There is a little girl living in Russia right now whom I can’t wait to meet. She has no idea who I am or that I even exist. She has no idea that I’ve been praying for her and waiting with bated breath for the time when her little walker and her little feet can sit on U.S. soil and she can finally have a place to call home. A home where she is cherished, not referred to as an “invalid.”
The story of Polina is much like the thousands of orphans living in Russian orphanages, but in many ways it’s incredibly unique. I was about to say that I met her mom less than a year ago, but then it occurred to me that technically I’ve never met Kendra either. Kendra found me through a mutual friend and I’ve gotten to know her through Facebook and her blog. She and her husband, Jason, have been trying to adopt a little girl from Russia and have been raising the funds to make that dream a reality. When I call Kendra her mom, it’s not technically fully legal yet. But in her heart, Kendra is Polina’s mother.
Polina is a little girl with Spina Bifida, the same birth defect I have. I rarely feel a connection with someone simply because we were born with the same health problems, but sometimes it is a bridge that creates a unique connection that is hard to explain. I don’t think the common bond is the disability, I think the common bond is how we handle it, how we are survivors and thrivers…not victims.
I’ve never met Polina but I can already see from the photos, videos and her mother’s description that she’s a fighter and a sweetheart wrapped all into one. She has spunk. She loves life. She loves to learn. I love that.
A little bit scared but we have a really big God
A recent law passed in Russia made this happy story a little bit scary. In a tit-for-tat move against the U.S., the Russian Parliament voted to ban Americans from adopting Russian children, including those that are already in progress. It appears now that those that were already in progress will be allowed to proceed and that Polina can come home in February, but the family has a hedge of prayer around them until they finally have their daughter home.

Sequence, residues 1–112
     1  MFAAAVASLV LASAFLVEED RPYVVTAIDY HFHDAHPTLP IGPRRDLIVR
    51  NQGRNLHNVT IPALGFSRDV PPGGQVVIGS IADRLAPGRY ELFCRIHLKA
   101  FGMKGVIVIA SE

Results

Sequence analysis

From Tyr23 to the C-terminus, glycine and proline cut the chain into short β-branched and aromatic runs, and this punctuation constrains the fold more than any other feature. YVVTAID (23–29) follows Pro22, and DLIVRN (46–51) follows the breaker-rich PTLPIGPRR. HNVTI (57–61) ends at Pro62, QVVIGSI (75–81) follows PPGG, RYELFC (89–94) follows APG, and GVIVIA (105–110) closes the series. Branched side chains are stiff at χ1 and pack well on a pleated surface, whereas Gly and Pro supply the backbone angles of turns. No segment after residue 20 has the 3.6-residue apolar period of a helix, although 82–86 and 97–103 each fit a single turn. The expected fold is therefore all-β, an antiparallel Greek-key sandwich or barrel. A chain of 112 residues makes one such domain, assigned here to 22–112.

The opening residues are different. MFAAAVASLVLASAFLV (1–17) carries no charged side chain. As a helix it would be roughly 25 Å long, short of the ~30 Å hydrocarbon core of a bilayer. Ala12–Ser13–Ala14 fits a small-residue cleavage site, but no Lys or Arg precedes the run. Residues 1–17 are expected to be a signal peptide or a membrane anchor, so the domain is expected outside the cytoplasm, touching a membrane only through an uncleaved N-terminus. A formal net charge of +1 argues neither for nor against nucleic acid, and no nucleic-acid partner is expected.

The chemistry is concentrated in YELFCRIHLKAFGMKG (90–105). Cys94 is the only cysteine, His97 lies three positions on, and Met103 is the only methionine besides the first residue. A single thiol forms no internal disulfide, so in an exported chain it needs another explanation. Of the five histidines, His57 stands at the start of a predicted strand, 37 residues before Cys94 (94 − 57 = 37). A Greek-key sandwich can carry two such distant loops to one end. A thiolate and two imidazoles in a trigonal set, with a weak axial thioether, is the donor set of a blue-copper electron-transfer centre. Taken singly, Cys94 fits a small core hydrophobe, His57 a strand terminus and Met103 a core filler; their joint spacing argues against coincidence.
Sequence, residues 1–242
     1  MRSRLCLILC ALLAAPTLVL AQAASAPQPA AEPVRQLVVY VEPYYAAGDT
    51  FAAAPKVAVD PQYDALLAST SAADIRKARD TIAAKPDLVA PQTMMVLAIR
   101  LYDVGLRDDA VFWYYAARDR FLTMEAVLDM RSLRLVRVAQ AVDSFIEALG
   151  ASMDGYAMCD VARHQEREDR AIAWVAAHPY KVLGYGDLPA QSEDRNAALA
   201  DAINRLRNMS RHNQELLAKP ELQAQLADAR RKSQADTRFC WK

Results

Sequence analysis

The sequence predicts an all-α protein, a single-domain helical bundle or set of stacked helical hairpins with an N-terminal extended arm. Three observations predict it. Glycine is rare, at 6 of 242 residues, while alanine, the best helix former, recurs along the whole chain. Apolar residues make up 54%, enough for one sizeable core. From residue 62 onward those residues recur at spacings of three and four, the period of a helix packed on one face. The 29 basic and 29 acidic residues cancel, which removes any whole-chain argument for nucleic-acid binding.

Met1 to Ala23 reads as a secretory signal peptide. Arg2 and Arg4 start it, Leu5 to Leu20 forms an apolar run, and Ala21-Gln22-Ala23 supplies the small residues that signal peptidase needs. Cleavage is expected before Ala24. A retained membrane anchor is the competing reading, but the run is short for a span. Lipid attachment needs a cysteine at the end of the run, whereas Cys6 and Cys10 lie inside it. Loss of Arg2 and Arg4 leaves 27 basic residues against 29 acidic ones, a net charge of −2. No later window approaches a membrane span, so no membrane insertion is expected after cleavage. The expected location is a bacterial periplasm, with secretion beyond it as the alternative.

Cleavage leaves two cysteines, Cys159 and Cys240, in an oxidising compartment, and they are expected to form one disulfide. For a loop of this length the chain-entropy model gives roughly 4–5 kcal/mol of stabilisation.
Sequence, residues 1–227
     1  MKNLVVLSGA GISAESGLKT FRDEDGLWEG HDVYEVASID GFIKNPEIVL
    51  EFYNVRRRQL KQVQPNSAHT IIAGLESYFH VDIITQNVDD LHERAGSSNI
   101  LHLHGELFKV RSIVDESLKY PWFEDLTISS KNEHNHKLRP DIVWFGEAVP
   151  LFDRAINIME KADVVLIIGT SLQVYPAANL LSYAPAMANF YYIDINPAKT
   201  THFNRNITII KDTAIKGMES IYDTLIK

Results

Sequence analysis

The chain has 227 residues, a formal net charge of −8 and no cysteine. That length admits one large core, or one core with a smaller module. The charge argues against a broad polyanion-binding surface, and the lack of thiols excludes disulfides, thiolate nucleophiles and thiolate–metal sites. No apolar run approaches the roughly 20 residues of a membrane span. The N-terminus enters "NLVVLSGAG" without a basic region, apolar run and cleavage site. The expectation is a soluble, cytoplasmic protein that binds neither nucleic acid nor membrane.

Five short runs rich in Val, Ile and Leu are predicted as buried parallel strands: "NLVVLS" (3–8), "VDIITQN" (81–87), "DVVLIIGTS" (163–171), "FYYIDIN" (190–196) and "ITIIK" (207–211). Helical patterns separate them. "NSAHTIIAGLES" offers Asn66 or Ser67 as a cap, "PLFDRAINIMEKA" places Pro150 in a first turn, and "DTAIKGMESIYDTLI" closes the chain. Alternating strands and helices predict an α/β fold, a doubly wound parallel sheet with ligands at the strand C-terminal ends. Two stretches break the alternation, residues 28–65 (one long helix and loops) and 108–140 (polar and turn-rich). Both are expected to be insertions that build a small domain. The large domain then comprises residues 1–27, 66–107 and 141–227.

I’ve been impressed as I watch Kendra tirelessly (well, I know she’s tired but she doesn’t stop!) go on interview after interview to share the story of Polina and the thousands of other orphans. She doesn’t do it for the attention, in fact I get the impression that it makes her almost uncomfortable. But she’s a momma fighting for her little girl and for others like her. She’s a mother fighting for justice and safety. I can’t wait to find out how Polina reacts when she learns and is able to comprehend just how much her family has fought for her.
Last week, the family held a prayer vigil for Polina and all the other Russian orphans who the ban affects. It was held before tens of thousands of Russians took to the streets in a peaceful protest of the ban. I chose to not attend the candlelight vigil in person because of incoming bad weather and my health was not that great. Instead, I joined several dozen people all over the country and I’m sure the world in participating online. We took pictures of the candles we burned in Polina’s honor and posted them to Facebook. The effect was surreal.
The time is coming close for when Polina comes home. I ask that you join in me in praying for the family, this little girl and for all the special needs children across the world who need a home filled with love, joy and Christ. You can follow the family’s story on this blog.